Man on the Run

“Whenever I feel like exercise, I lie down until the feeling passes.” Robert M. Hutchins

I can sprint as fast as Usain Bolt. 

At least it felt that way the other day when I had an opportunity to put my legs through their paces.

When I damaged my medial ligament, a few weeks before, I discovered a new source of pain. The healing was slow, hurting like a toothache-of-the-knee any time it had a spot of exercise.

Ready… Steady…

On the day of my sprint I arrived at the big Park-and-Ride at the north of the Forth Bridge and spotted the express bus to Edinburgh coming in close behind me. For the first time ever, I found a parking space within fifty yards of the terminal. With it came the opportunity to catch the transport and get back on schedule. Only one hassle, walking wasn’t an option? …

The Accelerative Man

What happened? A hardwired response. I found myself accelerating to a moderate, slightly lopsided lumber. The driver couldn’t see me for the terminal building. People, even older than me, rushed from a drop off space, blockers, hastening at maximum crawl; about a quarter of my velocity. The bus’s rear stuck out past the building. A gap appeared in the surging, breathless, herd of humanity. I hurtled through  and made the corner of the wall in time to see the doors close. 

Tip-toe Through the Ancients

An ancient woman, almost level with the front, gave up red-faced and puffing. I slalomed round her and caught the driver’s eye. He lowered his head, rolled his eyes and let me on. Another four or five aged sprinters, including the red-faced ancient, and the blockers, marshalled themselves behind me. The man at the wheel didn’t return my smile and cheerful greeting. Schedules are what they are, I suppose.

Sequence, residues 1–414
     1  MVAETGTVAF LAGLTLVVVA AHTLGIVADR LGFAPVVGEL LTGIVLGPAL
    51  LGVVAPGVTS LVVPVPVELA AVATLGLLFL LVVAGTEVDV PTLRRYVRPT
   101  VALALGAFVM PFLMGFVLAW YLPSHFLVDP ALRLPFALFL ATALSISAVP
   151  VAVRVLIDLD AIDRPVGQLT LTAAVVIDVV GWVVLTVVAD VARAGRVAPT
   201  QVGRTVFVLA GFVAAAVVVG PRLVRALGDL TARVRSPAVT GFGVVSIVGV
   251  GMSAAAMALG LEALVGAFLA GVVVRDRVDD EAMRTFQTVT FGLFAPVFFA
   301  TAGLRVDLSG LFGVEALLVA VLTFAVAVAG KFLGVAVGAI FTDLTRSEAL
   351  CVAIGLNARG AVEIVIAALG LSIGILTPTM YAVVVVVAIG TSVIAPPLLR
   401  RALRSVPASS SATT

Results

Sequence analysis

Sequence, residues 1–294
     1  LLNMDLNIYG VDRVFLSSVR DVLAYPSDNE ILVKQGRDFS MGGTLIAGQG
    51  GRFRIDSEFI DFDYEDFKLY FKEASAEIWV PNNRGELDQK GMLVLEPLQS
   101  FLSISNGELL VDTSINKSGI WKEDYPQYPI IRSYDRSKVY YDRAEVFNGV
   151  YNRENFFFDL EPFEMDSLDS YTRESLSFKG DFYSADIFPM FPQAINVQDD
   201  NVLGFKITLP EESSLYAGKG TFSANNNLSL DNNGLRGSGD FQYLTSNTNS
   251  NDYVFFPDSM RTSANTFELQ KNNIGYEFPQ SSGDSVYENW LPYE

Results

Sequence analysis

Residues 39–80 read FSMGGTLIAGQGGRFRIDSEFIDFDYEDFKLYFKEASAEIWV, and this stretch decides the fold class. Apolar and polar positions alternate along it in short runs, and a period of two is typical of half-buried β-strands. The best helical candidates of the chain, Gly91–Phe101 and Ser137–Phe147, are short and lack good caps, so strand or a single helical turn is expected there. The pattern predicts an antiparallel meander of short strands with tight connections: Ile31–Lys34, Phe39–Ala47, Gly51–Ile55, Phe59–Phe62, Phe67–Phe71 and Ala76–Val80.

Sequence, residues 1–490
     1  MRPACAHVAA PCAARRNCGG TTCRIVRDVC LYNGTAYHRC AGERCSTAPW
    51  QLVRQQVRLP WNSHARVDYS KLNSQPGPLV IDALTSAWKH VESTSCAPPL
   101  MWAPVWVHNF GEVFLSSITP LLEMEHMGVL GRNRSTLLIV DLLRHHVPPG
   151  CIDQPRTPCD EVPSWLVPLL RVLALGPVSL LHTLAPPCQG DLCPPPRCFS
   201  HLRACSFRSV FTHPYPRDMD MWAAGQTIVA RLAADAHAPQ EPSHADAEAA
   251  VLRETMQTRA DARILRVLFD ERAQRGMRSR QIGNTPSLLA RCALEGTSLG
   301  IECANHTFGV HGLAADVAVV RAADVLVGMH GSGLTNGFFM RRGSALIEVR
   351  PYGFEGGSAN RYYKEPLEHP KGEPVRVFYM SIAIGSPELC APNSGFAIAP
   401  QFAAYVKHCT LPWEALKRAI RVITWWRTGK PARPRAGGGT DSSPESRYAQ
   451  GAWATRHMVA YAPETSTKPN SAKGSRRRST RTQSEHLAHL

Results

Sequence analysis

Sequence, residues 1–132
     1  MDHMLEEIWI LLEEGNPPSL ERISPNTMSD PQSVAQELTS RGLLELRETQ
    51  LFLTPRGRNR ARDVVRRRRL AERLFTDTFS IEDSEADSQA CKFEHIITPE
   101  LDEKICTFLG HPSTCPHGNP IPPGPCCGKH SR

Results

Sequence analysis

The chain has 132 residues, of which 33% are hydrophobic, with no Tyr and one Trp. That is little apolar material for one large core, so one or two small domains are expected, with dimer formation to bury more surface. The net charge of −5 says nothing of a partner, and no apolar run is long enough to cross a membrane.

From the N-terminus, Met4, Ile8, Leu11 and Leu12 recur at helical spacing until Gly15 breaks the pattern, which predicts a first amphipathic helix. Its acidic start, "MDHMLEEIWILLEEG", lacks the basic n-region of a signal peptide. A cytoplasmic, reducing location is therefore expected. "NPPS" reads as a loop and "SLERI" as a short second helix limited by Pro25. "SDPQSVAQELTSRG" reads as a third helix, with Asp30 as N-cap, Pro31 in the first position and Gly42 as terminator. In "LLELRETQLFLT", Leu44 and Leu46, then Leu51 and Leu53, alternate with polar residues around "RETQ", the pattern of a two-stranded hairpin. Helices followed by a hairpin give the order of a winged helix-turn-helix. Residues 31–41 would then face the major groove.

Daft Indeed

I found a seat. And what pops into my head? Dignity!

You must’ve looked pretty undignified as you ran for the bus. The voice sounded like HAL in  2001 a Space Odyssey.

Nobody pointed. The people behind me were relieved to see the door open. No one muttered “fool”. Did a couple really nod appreciation to me for getting the door opened?  Yes.

Like a Falling Tree

Bottom line? Nobody thought about my appearance of dignity but me. When it came to running for the bus even I forgot about it! Who said: “if a tree falls in the forest and no one is there to hear it, is there a sound?” (such profundity) If a (nearly) old fart runs for a bus and nobody laughs and points, is there any indignity?

Silly boy!
Mac Logan © 

Find out about Mac’s Writing 

This Post Has 8 Comments

  1. Mike Andberg

    I’m glad you will, Mac. I think you’ll enjoy my boomeristic strolls – must are humorous, or try to be. Thanks for getting back.

  2. Mike Andberg

    I like your blog and all things about boomer related issues. I have a blog related to such and wanted to mention that tomorrow, Nov. 23, I’m posting a piece entitled “Remember This? Cat Stevens album Tea for the Tillerman (or miles from nowhere and back again).” It’s timed to the release date of the album in 1970. I thought you might appreciate it. I invite you to read it and write back with your thoughts!

    1. Mac Logan writes

      Hi Mike,

      How could you tell I’m a Boomer? :0) Nice to meet you. I’ll look in on your blog and feedback.

  3. Suzanne Joshi

    Hilarious but a reality. :D. You can literally die trying to board a bus in India.

    1. Mac Logan writes

      Reality bites, sometimes. The joy of sharing and being understood eases the pain. Thanks for your comment.

  4. Seumas Gallacher

    Reblogged this on Seumas Gallacher and commented:
    …food for thought for we ‘after-bus-sprinting-non-teenagers’ types… from my pal Mac Logan…

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